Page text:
Genetics also plays a significant role, as certain species of cats are more prone to Pica than others. Oriental cat breeds, such as the Siamese and Birman cat are most likely to suffer from Pica; thus if you own one, you must be alert.

Stressful Conditions

What is Pica in Cats & How Can I Help My Cat Stop Chewing?

Behavioral disorders may also lead to Pica in cats. They are triggered by stressful conditions in the environment. They can include:

  • Lack of attention: Your kitty loves attention, and it may continue its Pica behavior to get more attention from you.
  •  Boredom: When you are not giving your cats enough playtime, they may start eating non-food items out of lack of stimulation 
  • Move: Your cat may not be able to adjust to the new place; hence it may be causing strange behaviors.
  • Stress/anxiety: Cats living in stressful environments may try to unwind themselves by engaging in peculiar activities like Pica. Cats get upset over the slightest things, such as separation from their owners.
  • Early weaning: Experts have found links between Pica and cats which are weaned too early from their mothers.


As soon as you suspect your cat with feline Pica, you must visit your vet immediately. Your vet may ask for relevant details regarding the behavior your cat has been exhibiting, such as the duration of this behavior, or what does it like to chew on. Your vet may then proceed with certain diagnostic examinations, including a blood test, urinalysis, and even radio scans and CT scans.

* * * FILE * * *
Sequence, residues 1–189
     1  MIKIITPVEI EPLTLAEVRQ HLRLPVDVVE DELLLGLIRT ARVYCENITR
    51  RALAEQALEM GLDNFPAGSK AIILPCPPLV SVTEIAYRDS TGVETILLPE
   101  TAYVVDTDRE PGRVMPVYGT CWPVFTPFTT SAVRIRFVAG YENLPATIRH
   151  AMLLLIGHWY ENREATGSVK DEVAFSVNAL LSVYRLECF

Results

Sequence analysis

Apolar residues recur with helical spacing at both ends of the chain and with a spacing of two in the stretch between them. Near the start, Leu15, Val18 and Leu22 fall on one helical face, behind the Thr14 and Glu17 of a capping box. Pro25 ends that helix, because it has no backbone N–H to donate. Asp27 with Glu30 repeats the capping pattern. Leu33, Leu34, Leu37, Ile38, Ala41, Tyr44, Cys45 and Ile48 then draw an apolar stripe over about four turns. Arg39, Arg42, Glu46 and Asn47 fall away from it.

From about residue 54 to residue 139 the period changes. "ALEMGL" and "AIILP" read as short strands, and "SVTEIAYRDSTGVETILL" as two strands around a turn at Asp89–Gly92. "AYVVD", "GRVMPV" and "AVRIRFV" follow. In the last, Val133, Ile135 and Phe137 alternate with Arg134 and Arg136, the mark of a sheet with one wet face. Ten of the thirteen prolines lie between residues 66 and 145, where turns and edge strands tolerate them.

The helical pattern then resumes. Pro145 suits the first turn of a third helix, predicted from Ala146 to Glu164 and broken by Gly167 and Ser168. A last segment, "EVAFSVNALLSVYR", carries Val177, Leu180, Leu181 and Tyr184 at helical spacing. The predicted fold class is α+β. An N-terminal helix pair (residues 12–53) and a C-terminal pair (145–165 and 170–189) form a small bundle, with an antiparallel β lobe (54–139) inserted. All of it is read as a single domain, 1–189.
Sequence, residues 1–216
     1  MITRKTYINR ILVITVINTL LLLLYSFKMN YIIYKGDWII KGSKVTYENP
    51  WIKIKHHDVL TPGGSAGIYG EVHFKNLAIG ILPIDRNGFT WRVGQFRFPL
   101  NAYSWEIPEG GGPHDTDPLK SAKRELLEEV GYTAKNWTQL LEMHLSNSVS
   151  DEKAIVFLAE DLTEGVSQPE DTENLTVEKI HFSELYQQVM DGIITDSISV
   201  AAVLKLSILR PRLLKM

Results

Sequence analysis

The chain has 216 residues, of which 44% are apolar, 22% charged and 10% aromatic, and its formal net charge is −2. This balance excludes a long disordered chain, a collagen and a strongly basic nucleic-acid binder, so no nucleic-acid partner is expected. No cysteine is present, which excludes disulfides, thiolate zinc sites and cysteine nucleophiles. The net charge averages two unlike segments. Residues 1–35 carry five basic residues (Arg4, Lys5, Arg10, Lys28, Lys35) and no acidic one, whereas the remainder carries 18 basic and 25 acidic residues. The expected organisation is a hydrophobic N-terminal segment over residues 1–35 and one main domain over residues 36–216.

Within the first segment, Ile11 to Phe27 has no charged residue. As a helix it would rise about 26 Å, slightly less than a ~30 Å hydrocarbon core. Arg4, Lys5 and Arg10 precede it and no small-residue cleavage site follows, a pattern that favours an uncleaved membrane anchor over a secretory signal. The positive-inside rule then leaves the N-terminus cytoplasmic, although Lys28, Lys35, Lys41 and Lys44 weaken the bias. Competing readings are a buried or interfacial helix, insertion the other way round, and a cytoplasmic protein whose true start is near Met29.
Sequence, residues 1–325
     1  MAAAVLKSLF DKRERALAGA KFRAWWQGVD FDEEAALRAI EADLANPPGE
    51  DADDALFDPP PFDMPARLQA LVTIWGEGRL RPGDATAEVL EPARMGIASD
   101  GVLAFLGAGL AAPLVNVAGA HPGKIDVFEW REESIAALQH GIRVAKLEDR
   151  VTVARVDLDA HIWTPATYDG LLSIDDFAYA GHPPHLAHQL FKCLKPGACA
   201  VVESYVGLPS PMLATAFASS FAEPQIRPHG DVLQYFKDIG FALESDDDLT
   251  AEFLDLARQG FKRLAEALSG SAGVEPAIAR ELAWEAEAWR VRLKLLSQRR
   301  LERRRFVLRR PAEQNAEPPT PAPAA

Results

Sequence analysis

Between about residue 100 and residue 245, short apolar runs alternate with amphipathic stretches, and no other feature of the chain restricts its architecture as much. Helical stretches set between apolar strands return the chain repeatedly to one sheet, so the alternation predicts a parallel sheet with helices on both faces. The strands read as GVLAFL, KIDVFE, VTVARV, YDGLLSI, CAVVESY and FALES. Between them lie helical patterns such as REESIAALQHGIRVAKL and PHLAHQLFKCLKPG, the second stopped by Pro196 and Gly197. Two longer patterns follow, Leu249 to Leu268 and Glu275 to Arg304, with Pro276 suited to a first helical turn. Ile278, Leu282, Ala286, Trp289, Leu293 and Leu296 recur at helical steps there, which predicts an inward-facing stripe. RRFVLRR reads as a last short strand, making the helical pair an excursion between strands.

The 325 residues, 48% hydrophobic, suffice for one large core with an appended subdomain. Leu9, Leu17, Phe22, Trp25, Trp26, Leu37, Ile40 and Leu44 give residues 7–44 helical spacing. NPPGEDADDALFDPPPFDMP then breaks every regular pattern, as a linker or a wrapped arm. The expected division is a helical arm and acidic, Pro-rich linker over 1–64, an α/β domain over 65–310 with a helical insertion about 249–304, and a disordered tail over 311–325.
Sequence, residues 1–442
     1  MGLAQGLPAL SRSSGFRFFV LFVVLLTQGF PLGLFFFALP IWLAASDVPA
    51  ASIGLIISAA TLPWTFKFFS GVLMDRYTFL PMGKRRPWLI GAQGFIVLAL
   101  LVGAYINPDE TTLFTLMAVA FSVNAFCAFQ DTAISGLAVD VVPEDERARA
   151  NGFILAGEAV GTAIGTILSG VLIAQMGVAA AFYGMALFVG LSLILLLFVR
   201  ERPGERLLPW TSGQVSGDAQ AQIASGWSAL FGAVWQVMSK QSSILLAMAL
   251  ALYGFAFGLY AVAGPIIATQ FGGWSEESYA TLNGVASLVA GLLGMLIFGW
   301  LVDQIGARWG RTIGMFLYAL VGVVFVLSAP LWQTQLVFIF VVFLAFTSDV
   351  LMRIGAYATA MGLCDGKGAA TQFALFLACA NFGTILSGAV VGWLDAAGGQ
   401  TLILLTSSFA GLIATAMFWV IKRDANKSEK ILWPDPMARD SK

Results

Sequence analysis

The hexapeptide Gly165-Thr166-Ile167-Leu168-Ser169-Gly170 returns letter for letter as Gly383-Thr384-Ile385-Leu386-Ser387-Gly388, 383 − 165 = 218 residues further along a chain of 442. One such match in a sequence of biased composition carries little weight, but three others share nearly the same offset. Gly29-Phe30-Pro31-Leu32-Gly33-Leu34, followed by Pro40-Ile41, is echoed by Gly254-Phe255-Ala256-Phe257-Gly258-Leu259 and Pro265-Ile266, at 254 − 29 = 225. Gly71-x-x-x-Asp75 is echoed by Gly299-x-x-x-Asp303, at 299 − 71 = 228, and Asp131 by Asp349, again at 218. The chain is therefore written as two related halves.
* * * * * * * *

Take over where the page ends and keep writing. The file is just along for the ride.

How can you deal with Feline Pica?

How to Treat Cat Pica - Pawversity

In most cases, Feline Pica is caused by environmental and physical causes that you can easily control with few precautions and implementations. For medical cause, your veterinary medical professional may suggest you with certain medications, or therapies to deal with it. But if your feline has received a clean bill of health, you may consider the below-mentioned suggestions:

  1. Remove the targeted items-Of course, the most effective way to diminish pica behavior among your cat is by simply eliminating or hiding your cat’s favorite items, clothes, and plants.
  2. Play! Play! Play! – Trust me; your little bundle of love craves your attention. Usually, cats are deprived of such affection, which ultimately leads them to engage in strange behaviors. You must give your cat an appropriate time, for its mental and physical stimulation. You may train your little friend, go outdoors, or simply spend quality time with your little munchkin in your house only.
  3. Give alternative options to chew- An effective approach to deal with Pica is by diverting your cat’s attention to chew safer and appropriate alternatives. They can be edible treats, cat toys, or anything appealing enough that’s specifically designed for cats.
  4. Apply repelling smells- If your cat nibbles on potentially harmful objects like an electric cord, it’s best to apply strong-smelling substances like citrus air freshener or bitter apple to keep them at bay.
  5. Get rid of poisonous plants- If you feel that your cat might be attracted to toxic plants at your place, it best to get rid of them. If you can’t, then you may keep them at the position where your cat wouldn’t be able to reach it out.
  6. Contact an Animal Behaviorist: Even after following the above-stated principles, if you don’t witness any significant results, it’s best to talk to a certified applied animal behaviorist (CAAB). They can suggest some of the great recommendations.


Our little furry bundle of love brings incredible happiness in our lives, and in turn, it’s our utmost duty to take care of their healthy living. Although Pica is a rare condition, it’s easy to manage, and most people are successful in dealing with it.

If your cat is having strange eating behavior these days, we hope this guide proves to be beneficial for you. Lastly, always remember that no matter how hard it gets those kisses and fury smiles to make it all worthwhile!